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Tropical Cyclone Research and Review  
  Tropical Cyclone Research and Review--2019, 8 (1)   Published: 2019-03-15
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Quasi Steady-State Hurricanes Revisited

John Persing, Michael T. Montgomery, Roger K. Smith, James C. McWilliams
Tropical Cyclone Research and Review. 2019, 8 (1): 1;  doi: 10.6057/2019TCRR01.04
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We revisit the theoretical possibility of long-term, sustained tropical cyclone solutions using a state-of-the-art numerical model that incorporates the most recent observational guidance for subgrid scale parameters and airsea exchange coefficients of heat and momentum. Emphasis is placed on the realism of such solutions and the sources of cyclonic relative angular momentum (RAM) that are necessary to replenish that lost by friction at the surface. For simplicity, we confine our attention to strictly axisymmetric numerical experiments.
We are able to replicate Hakim’s long-term simulation of a quasi-steady state cyclone in a 1500 km radial domain. The structure of the wind field is found to be somewhat realistic compared to observations, but sustained by unrealistic processes. Artificial sources of cyclonic RAM are quantified and the lateral damping of the anticyclonic wind near the outer boundary is found to make the largest contribution to the source of cyclonic RAM. When the domain size is extended to 9,000 km radius and lateral damping is removed altogether, a quasi-steady vortex emerges, but the structure of this vortex has many unrealistic features. In this solution, the remaining upper-level Rayleigh damping contributes a major portion of the needed source of cyclonic RAM. In a simulation in which the upper-level damping is removed also, the solution is found to be neither quasi-steady nor realistic.
These findings call into question the realism of long-term, sustained tropical cyclone simulations, which require a sufficiently large source of cyclonic RAM to facilitate the existence of a quasi-steady state.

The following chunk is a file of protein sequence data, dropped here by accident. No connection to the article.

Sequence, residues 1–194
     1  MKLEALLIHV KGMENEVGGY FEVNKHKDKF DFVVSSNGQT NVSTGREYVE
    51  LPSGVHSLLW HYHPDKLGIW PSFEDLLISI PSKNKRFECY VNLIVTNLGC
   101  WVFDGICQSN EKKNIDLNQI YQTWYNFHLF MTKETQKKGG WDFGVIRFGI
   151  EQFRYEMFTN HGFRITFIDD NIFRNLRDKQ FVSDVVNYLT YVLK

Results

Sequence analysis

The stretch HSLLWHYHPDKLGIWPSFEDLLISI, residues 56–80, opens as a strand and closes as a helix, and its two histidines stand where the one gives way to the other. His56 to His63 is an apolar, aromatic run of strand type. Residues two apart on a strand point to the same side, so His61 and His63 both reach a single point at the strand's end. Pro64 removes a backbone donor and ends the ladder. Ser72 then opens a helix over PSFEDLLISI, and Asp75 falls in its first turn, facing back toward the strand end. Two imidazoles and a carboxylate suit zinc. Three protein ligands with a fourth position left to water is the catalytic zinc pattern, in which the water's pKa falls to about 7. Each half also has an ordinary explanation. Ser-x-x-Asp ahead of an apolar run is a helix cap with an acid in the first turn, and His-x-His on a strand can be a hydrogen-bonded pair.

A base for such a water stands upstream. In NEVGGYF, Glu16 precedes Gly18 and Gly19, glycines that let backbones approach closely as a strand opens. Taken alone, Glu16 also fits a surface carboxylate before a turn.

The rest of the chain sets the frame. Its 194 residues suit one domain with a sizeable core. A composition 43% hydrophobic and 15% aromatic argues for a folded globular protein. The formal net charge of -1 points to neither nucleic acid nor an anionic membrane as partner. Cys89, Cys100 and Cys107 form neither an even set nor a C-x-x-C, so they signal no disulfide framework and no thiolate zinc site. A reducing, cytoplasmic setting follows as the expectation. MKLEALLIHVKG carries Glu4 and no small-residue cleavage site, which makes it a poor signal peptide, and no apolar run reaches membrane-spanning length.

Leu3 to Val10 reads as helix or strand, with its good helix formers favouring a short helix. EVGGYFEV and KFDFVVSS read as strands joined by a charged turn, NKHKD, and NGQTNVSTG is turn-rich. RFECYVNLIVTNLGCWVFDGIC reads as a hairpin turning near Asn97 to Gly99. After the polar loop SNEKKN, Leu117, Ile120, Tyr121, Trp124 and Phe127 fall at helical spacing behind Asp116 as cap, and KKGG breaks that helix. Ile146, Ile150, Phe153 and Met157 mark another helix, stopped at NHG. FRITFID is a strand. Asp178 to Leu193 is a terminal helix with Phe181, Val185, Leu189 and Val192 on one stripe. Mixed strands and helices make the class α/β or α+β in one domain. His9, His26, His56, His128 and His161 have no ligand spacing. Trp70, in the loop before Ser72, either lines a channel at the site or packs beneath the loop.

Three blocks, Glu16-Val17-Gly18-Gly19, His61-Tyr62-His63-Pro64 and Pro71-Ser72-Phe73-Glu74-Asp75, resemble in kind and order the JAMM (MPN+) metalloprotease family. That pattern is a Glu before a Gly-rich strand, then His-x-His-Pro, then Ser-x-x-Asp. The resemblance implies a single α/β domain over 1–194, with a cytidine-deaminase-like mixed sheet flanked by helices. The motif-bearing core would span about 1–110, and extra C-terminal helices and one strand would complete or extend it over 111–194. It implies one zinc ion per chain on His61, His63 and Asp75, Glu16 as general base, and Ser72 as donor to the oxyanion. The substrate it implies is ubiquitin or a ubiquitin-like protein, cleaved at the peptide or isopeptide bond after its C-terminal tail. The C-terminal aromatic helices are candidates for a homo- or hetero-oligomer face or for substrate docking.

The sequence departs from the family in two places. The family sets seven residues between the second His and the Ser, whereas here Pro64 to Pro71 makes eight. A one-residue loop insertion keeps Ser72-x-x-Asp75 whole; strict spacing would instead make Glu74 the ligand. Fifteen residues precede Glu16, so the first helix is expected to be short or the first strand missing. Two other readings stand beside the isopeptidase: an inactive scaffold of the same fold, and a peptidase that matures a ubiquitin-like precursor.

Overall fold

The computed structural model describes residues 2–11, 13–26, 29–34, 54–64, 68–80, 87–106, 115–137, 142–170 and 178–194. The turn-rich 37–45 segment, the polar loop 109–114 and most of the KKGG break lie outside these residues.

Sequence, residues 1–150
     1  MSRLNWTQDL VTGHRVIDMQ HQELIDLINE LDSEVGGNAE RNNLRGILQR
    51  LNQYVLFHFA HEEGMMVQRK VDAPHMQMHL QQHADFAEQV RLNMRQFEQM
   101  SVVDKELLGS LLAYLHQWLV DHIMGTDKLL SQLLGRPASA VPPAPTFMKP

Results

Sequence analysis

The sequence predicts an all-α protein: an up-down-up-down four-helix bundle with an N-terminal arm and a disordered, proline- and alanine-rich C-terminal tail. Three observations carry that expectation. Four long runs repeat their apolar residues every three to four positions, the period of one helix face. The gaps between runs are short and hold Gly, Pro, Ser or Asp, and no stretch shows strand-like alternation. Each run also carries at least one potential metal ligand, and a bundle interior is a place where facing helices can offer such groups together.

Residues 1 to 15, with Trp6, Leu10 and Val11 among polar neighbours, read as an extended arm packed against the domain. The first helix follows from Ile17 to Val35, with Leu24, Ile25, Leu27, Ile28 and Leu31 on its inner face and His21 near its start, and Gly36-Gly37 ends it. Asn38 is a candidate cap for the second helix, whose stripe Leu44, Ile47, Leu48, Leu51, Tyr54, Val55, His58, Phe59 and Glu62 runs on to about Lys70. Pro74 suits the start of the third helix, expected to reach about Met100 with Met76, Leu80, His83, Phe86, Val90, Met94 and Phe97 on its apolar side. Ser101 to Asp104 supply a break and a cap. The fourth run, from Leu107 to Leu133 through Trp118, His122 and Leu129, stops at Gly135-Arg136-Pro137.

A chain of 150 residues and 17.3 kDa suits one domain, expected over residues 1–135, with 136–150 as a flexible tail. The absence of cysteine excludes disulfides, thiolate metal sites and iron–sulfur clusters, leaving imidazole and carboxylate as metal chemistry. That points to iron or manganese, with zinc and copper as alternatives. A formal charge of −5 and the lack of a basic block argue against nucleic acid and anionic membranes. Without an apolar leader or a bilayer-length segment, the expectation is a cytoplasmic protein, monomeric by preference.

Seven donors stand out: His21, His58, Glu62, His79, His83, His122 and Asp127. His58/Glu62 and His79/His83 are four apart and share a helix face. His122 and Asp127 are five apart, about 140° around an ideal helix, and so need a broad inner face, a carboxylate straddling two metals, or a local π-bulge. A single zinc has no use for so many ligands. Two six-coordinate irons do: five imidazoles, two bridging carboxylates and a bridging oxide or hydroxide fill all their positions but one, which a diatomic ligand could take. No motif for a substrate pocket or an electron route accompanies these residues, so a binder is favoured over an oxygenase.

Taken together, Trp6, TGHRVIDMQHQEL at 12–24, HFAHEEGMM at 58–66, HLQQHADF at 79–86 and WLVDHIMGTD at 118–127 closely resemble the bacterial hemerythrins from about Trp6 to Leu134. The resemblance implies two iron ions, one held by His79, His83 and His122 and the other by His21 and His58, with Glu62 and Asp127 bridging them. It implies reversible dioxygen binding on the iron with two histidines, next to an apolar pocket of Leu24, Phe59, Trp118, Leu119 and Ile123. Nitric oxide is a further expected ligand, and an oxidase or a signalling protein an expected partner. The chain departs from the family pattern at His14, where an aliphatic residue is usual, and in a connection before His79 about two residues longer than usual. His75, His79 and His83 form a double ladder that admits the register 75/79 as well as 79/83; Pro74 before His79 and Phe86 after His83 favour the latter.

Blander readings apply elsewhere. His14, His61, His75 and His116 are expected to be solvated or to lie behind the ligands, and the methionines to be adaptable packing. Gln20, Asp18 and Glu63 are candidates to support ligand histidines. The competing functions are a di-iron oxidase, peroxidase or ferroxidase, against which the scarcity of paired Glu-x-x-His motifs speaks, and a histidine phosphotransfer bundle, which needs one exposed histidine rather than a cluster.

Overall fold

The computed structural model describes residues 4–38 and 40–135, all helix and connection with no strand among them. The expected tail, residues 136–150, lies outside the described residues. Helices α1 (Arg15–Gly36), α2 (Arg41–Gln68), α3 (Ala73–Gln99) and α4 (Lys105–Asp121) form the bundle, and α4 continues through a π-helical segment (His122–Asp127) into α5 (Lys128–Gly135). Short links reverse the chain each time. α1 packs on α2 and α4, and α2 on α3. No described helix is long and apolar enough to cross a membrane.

Forecast and Service Performance on Rapidly Intensification Process of Typhoons Rammasun (2014) and Hato (2017)

Qian Wang, Yinglong Xu, Na Wei, Shuai Wang and Hao Hu
Tropical Cyclone Research and Review. 2019, 8 (1): 18;  doi: 10.6057/2019TCRR01.03
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Super typhoons Rammasun (No.1409) and Hato (No.1713) both underwent rapidly intensification (RI) in the northern part of South China Sea before they made landfall. Forecast skills and service performance of tropical cyclones’ RI process in the real-time operation is analyzed in this study. TCs are prone to intensify rapidly in the South China Sea, which is a complex process concluding complicated interaction between large scale environmental systems and tropical cyclone inner-core structure. The forecast performance of Rammasun and Hato shown that the subjective forecast of CMA has defect in the intensity forecast especially for the long-rang more than 48-hr. However, forecasters have chance to capture the signal of RI besides numerical operational models, which contribute to gain precious time for disaster reduction affairs. The role of local sea surface temperature and the warm core structure revealed by the numerical simulations are highlighted in doing comprehensive analysis in real-time forecast.